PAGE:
Here is the fourth in the series of Holiday entertaining season tips from A Thyme to Cook Founder and President, Linda Sample…
In the previous post, I mentioned how the time frame of your party dictates the appropriate kinds of foods. Make sure to balance some stationary items, (requiring a cocktail napkin ONLY) as well as some hot hors d’oeuvres. By balance, I mean combining different colors, textures, temperature, and a representation of meat, poultry, veggie, fish/seafood, and cheese. You will also want to think seasonal and utilize what ingredients are currently at their peak for both flavor and quality. This is why ATTC does not routinely give lists of suggested hors d’oeuvres items, as people tend to choose what they like – only to realize that what was chosen, was all some variation of cheese!
It is nice to offer some take-away sweets as guests leave, too – depending on the length of the party, you may or may not need to provide coffee. If you do, you need to provide it for ½ the guests, as not everyone will trade their wine glass for the a coffee mug.
HEAVY HORS D’OEUVRES
This type of evening is longer time spent at your home than a cocktail party and implies a bit heavier food that must be both easy to eat while standing up and will also satisfy guests. You can have lots of fun here BUT you need to remember that “forkable” means small pieces/bites that do NOT require a knife or a seat at a table. You can offer a few stationary nibbles and then provide something that you KNOW is a tried and true recipe, one that you feel comfortable serving, AND that can be done in advance and reheated. This is crucial – what is the point of having a gathering if you never get out of the kitchen to enjoy your guests? A forkable protein, salad and great bread is all you need.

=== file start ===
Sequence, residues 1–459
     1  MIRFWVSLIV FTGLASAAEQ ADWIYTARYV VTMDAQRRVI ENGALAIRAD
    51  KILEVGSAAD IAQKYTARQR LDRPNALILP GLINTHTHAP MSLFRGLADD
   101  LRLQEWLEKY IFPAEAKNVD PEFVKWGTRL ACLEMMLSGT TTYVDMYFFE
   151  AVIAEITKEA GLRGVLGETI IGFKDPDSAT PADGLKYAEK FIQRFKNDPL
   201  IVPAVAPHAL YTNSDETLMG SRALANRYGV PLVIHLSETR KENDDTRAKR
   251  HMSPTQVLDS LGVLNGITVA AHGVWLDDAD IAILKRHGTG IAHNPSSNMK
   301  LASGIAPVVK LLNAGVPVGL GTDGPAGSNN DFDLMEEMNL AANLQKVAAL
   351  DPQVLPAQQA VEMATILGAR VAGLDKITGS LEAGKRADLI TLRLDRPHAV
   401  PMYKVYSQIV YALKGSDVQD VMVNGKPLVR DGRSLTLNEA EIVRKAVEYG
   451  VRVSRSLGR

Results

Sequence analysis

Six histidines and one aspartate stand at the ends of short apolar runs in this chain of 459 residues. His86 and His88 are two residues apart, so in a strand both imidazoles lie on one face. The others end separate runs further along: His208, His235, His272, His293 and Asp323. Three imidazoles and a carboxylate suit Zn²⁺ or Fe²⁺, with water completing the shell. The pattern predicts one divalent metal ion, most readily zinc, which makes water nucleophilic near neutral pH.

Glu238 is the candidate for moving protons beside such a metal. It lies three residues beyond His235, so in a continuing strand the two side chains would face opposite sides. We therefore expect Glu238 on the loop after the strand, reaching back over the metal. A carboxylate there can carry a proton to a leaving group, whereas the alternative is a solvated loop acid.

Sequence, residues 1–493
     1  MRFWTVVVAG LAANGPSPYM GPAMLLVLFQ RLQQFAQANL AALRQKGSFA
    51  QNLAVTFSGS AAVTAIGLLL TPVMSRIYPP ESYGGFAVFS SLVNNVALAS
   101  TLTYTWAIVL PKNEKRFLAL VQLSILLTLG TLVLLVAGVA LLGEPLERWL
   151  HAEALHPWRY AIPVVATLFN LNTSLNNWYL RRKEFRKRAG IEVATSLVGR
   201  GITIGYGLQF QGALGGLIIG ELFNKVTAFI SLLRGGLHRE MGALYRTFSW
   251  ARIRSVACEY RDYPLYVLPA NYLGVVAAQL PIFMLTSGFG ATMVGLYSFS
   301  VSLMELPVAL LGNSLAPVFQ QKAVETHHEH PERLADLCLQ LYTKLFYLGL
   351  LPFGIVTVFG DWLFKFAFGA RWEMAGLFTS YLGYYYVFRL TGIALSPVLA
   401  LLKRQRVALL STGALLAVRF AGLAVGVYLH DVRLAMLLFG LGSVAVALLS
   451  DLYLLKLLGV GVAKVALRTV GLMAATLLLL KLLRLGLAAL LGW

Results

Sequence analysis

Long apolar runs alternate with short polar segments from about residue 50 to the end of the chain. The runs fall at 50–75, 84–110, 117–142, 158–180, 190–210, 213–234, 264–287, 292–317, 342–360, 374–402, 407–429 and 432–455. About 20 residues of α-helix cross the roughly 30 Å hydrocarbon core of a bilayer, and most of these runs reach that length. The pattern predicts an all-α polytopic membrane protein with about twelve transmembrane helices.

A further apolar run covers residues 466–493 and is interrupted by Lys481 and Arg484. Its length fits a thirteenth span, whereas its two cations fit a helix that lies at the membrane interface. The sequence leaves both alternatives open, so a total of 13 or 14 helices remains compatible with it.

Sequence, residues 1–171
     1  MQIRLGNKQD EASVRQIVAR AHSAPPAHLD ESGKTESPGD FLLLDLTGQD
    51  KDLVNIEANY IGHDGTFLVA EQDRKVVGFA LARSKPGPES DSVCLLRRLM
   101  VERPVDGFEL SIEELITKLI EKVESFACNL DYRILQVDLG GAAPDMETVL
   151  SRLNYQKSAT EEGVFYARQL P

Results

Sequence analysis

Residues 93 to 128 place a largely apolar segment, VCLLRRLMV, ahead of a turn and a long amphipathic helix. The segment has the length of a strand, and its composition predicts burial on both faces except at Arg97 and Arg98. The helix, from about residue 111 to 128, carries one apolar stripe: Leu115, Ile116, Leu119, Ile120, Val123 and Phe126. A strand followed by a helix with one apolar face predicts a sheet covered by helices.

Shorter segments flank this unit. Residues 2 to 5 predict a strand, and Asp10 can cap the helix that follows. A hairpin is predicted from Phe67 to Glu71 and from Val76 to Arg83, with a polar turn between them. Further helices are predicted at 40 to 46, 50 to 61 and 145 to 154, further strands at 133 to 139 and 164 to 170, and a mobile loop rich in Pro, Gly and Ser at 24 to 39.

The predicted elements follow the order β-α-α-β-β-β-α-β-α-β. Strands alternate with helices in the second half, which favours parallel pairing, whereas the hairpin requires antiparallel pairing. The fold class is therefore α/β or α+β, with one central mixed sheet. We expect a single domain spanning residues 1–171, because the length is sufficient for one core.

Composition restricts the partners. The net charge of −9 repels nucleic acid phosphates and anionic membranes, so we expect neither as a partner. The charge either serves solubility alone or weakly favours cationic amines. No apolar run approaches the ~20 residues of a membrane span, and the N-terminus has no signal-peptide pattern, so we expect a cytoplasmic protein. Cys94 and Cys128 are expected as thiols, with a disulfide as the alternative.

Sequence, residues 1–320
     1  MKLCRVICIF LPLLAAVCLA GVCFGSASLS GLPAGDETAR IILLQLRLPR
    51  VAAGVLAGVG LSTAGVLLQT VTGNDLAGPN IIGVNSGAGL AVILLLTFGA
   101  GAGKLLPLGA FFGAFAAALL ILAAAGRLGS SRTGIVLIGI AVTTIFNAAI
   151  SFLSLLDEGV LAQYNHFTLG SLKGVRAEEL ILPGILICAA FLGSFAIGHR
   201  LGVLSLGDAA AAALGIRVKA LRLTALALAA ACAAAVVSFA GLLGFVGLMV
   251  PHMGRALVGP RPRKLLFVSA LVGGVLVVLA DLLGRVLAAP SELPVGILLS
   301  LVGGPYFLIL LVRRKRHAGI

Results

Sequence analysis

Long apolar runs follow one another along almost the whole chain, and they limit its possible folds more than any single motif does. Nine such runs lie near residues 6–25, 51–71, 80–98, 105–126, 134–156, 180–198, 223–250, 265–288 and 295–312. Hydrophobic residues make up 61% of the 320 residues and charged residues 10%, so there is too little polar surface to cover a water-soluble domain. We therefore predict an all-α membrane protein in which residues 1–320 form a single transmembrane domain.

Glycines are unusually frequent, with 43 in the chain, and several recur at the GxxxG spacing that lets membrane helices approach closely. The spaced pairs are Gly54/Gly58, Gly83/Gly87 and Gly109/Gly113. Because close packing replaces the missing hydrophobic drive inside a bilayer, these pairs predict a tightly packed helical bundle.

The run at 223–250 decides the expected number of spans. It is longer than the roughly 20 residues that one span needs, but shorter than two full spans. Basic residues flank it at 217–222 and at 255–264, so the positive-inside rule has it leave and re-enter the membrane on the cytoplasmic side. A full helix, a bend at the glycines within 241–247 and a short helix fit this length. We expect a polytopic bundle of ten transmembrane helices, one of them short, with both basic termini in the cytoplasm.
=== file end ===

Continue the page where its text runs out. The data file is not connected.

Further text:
Offering a fabulous hearty salad, is easy to eat, especially chopped can become more filling with added texture such as; nuts, a savory granola, toasted seeds, some interesting cheese, and/or different dried fruits (everyone does dried cranberries) such as apricots, cherries, figs, or even roasted grapes. Offer a variety of breads composed of different textures, like; hearty rye, focaccia, flatbreads, unusual crackers, biscuits, or corn breads. Throw in in some flavored butter for an interesting treat. The key here is a forkable ‘entrée’ that is simple, pleasing to most palates (without being so unusual that it is intimidating!) and non-anxiety producing for you to execute.
A carved beef tenderloin IS, and is always a hit; when combined with tiny rolls (for making finger sandwiches) and a simple horseradish creme. It is classic, ageless and never seems to disappoint. Make sure you keep it easy to eat in small pieces – chicken breasts are NOT forkable! Cioppino (one of my favorite dishes full of mussels, clams, shrimp, fish, fennel and tomatoes and red wine) is a double NOT forkable, as it is tough to eat shellfish from the shell while standing, and carries great stain-potential. ALWAYS KEEP “WINE-AWAY” on hand!!!